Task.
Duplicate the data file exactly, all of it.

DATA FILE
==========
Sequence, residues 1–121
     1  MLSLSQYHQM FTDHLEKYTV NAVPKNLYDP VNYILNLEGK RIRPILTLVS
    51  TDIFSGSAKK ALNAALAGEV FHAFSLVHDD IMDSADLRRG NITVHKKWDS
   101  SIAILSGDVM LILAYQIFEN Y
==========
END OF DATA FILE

Sequence, residues 1–121
     1  MLSLSQYHQM FTDHLEKYTV NAVPKNLYDP VNYILNLEGK RIRPILTLVS
    51  TDIFSGSAKK ALNAALAGEV FHAFSLVHDD IMDSADLRRG NITVHKKWDS
   101  SIAILSGDVM LILAYQIFEN Y